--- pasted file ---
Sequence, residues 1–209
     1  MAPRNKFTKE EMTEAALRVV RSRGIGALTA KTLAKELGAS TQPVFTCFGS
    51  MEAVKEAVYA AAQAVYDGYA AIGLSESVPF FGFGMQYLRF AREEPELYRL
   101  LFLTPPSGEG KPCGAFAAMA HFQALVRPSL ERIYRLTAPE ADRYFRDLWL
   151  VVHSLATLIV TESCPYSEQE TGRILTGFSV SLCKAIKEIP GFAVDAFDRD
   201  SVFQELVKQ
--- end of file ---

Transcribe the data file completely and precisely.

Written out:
Sequence, residues 1–209
     1  MAPRNKFTKE EMTEAALRVV RSRGIGALTA KTLAKELGAS TQPVFTCFGS
    51  MEAVKEAVYA AAQAVYDGYA AIGLSESVPF FGFGMQYLRF AREEPELYRL
   101  LFLTPPSGEG KPCGAFAAMA HFQALVRPSL ERIYRLTAPE ADRYFRDLWL
   151  VVHSLATLIV TESCPYSEQE TGRILTGFSV SLCKAIKEIP GFAVDAFDRD
   201  SVFQELVKQ